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HomeNewsBLUEBIRD ACE LIFTS LID ON ASHTRAY TURBO BOOST ADJUSTER

BLUEBIRD ACE LIFTS LID ON ASHTRAY TURBO BOOST ADJUSTER

APPROACHING 40 years since a Nissan Bluebird scored pole position for the Bathurst 1000, stories of how the turbocharged cars achieved their speed have become legend.

The 1.8-litre Bluebirds were the first competitive turbos in Australian touring car racing and, together with the rotary Mazda RX-7s, shook up the V8 establishment in the early 1980s.

In recent years Fred Gibson, a driver for the Howard Marsden-run Bluebird program who eventually took over the Nissan team, has been open about the fact some “fudging” of the rules occurred.

But is it really true that the Bluebirds had a turbo boost adjuster knob hidden in the ashtray? And that the drivers could alter the brake bias via the headlight switch?

IT’S BACK! Bathurst pole Bluebird’s first race since 1985

On the latest episode of the V8 Sleuth Podcast powered by Repco, former Nissan factory driver Gary Scott opens up on these topics as part of a lengthy chat about his career.

Scott was drafted into the Nissan team ahead of the 1983 endurance races and was co-driver of the car that George Fury drove to pole at Bathurst the following year.

“George and I will hold our hands on our heart and tell you, yes, it did have the ashtray, it had an adjustable boost in it and yes, our headlight switch had the adjustable brake balance,” he confessed.

LISTEN: Part 1 of Gary Scott on the V8 Sleuth Podcast

However, as with many stories from the past, Scott stressed that the two devices weren’t quite the game-changers that they may appear to be.

“The boost is adjusted by wastegate, it’s under the bonnet. The little gauge in the ashtray was so finite, it was to finely tune the boost,” he continued.

“What you would do is, imagine we used 1.7 bar boost in qualifying. You’d go out and it might have 1.69 bar boost. You would probably wind this thing 15 times to get it to go a point of a bar.

“I never, George never, ever touched the ashtray in a race. It was only to fine-tune the boost if it wasn’t quite set perfectly.”

Fury and Scott at Bathurst in 1984. Pic: an1images.com / Dale Rodgers

Scott also downplayed the use of the brake bias adjuster in race conditions, saying he only used it in endurance races where fuel loads varied greatly during a stint.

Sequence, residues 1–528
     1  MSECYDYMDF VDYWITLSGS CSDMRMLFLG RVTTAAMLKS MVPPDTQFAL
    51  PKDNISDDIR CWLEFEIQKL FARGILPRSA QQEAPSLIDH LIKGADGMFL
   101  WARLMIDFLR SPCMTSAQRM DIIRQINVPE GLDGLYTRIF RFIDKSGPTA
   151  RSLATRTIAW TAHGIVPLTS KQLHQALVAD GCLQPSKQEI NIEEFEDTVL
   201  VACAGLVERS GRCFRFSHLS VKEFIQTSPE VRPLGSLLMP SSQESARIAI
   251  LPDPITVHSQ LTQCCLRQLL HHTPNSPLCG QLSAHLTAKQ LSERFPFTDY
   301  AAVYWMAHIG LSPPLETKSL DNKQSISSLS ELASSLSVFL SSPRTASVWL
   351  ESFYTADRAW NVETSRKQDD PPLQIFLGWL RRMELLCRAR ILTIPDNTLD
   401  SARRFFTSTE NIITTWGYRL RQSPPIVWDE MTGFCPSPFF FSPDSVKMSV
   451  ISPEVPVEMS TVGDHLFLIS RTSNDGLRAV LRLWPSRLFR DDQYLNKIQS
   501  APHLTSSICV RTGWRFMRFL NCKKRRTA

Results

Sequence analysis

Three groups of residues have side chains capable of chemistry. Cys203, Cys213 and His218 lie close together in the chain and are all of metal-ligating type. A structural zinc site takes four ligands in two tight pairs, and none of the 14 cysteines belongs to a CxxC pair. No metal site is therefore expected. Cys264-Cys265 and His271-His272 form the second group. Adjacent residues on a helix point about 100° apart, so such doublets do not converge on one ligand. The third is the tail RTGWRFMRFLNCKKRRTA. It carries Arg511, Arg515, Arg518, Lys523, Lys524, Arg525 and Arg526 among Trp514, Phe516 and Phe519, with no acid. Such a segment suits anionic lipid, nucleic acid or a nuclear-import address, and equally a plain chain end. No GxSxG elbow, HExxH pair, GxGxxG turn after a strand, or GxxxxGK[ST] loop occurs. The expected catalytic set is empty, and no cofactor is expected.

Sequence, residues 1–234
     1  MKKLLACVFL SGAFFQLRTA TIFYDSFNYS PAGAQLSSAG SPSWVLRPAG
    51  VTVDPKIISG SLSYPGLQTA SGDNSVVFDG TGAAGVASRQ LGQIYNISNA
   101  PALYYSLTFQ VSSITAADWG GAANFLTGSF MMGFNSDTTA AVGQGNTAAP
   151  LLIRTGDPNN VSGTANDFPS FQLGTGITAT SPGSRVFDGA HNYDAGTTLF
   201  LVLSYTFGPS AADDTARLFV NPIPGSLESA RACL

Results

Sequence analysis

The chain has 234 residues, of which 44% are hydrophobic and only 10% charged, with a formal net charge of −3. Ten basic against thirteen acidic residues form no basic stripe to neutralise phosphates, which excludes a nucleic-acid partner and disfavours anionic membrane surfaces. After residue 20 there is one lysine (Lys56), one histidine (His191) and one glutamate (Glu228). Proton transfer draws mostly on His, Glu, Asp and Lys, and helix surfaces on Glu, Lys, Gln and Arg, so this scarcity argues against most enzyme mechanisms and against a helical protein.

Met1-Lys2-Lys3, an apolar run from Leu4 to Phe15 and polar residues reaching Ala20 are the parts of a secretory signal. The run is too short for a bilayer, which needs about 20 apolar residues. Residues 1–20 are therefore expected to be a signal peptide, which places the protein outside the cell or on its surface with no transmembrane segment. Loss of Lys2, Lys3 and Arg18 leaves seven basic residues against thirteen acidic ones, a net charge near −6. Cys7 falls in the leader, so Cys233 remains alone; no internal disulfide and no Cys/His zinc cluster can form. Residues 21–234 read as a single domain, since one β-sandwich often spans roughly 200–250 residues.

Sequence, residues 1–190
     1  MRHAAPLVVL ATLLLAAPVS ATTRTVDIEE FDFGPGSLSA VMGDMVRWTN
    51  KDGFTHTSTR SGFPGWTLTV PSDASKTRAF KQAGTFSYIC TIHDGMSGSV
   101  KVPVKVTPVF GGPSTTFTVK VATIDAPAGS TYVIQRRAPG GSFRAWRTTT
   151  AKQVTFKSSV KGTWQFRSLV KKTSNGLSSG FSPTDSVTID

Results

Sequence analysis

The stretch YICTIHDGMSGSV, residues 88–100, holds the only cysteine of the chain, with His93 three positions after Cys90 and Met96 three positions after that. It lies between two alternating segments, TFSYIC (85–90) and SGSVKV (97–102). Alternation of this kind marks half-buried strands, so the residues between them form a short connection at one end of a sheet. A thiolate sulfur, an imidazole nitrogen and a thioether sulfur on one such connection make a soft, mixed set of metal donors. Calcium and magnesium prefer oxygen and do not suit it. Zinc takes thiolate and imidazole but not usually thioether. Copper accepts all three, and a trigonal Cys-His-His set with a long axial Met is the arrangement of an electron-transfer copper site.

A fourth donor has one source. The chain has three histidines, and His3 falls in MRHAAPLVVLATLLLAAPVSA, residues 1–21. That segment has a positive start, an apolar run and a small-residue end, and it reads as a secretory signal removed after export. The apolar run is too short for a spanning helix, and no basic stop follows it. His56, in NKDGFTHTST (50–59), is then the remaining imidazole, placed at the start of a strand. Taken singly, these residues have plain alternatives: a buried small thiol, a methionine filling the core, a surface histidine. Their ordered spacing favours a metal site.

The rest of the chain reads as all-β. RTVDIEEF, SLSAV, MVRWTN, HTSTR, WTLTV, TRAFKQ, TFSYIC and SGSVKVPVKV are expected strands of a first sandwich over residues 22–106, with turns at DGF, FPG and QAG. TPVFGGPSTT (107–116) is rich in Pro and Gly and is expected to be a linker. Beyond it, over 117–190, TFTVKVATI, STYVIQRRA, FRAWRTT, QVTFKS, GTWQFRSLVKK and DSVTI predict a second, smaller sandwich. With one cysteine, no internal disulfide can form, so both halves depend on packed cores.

However, he was not shy about another trick that he says helped Fury in his famous 1984 Hardies Heroes run at Mount Panorama.

“Howard and the boys came up with this idea of running air conditioning Freon gas straight onto the intercooler,” said Scott, who recalled testing the effectiveness of the system at Sandown.

“We filled a fire extinguisher (pointed at the intercooler) with the stuff and I was sent out with a thermometer, fundamentally… quite a bit of sophisticated gear, in the spare car.

Fury in action during the Sandown round of the 1984 ATCC. Pic: an1images.com / Ian Smith

“My job was to do the read-out on the straights (via radio) to Howard (in the pits) and they would record it.

“The temperature in the intercooler chamber coming into the engine was 30 degrees, 35, whatever. I hit the button and I’m reading it out to Howard; 25, 20, 15, 10, 10, minus 5, minus 15, minus 20!

“It went from plus 30 to maybe minus 30 in half the length of the back straight. You could imagine what that could do because we could run a lot more boost!”

Scott said the combination of that and cool ambient conditions at Bathurst set the scene for Fury to record the fastest-ever touring car lap of the pre-Chase Mount Panorama circuit.

Fury driving the Bluebird at Winton in 2014. Pic: Supplied

“(In Hardies Heroes) I think it ran 1.8 or 1.9 (bar of boost), more than we’d ever done. George only used it on the straights, but he gave it a hit and that would have given us a lot of power.”

A very similar trick was allegedly employed under the bonnet of Peter Brock’s Mobil Ford Sierra in the Bathurst Shootout in 1989.

Although no technical breach was proven and Brock’s pole position stood, the Mobil team was later fined $5,000 for a “moral infringement of the rules”.

As Scott points out, it’s likely no coincidence that key members of the Bluebird program had by that point transitioned to the Mobil outfit.

“What do they say? You weren’t cheating at all, you were just pushing boundaries,” Scott cheekily concluded.

“(But) don’t take anything away from George (Fury), he was an unbelievable driver, a ripper teammate, ripper guy… he was one hell of a driver.”

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